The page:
|EP1884995A3 *||Aug 1, 2007||Jan 7, 2009||Shinko Electric Industries Co., Ltd.||Wiring substrate and manufacturing method thereof, and semiconductor device|
|U.S. Classification||438/106, 257/E23.069, 257/E23.173|
|International Classification||H01L21/48, H05K3/46, H05K3/10, H01L23/31, H05K1/05, H01L23/498, H01L23/538|
|Cooperative Classification||H01L2224/85399, H01L2924/00014, H01L2224/05599, H01L24/73, H01L2224/32245, H01L24/48, H01L2224/48227, H01L2924/15311, H01L23/3128, H01L2224/48091, H01L2224/73265, H01L23/49816, H01L23/5383, H01L2924/157, H05K3/4644, H01L2924/14, H01L2224/48247, H01L2224/48471, H01L2924/01079, H01L2924/01078, H01L2924/15153, H01L21/4853, H01L2924/1532, H05K1/056, H01L21/4857, H01L2924/15165, H05K3/108|
|European Classification||H01L21/48C4D, H01L23/31H2B, H01L23/498C4, H01L23/538D, H01L21/48C4C|
|Jun 14, 1999||AS||Assignment|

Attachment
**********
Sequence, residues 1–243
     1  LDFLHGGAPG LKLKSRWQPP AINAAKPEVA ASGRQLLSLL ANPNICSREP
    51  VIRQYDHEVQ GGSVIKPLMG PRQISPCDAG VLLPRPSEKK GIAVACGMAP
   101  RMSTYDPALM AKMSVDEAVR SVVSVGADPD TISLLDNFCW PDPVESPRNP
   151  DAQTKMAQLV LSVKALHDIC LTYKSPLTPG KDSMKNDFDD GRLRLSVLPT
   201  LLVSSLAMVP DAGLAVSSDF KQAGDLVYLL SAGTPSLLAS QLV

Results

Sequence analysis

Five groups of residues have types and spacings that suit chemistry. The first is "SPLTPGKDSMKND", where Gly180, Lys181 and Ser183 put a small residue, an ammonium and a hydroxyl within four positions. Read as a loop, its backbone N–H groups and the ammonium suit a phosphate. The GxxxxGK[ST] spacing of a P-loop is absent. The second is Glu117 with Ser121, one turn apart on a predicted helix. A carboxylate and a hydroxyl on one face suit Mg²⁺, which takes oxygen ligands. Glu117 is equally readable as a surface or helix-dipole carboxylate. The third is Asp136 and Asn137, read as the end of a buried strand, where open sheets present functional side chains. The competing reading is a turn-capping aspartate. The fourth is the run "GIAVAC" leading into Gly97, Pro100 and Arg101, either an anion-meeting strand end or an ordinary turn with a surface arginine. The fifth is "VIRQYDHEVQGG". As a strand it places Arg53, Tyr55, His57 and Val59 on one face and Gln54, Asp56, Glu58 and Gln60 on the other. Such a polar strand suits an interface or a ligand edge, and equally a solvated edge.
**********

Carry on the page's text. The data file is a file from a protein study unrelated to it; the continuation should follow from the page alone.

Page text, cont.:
Owner name: THIN FILM MODULE, INC., CALIFORNIA
Free format text: ASSIGNMENT OF ASSIGNORS INTEREST;ASSIGNORS:HO, CHUNG W.;LITZA, ANNA;REEL/FRAME:010041/0172
Effective date: 19990524
|Aug 21, 2000||AS||Assignment|
Owner name: THIN FILM MODULE, INC., TAIWAN
Free format text: ASSIGNMENT OF ASSIGNORS INTEREST;ASSIGNOR:THIN FILM MODULE, INC.;REEL/FRAME:011148/0632
Effective date: 20000803
|Dec 22, 2004||REMI||Maintenance fee reminder mailed|
|Jun 6, 2005||LAPS||Lapse for failure to pay maintenance fees|
|Aug 2, 2005||FP||Expired due to failure to pay maintenance fee|
Effective date: 20050605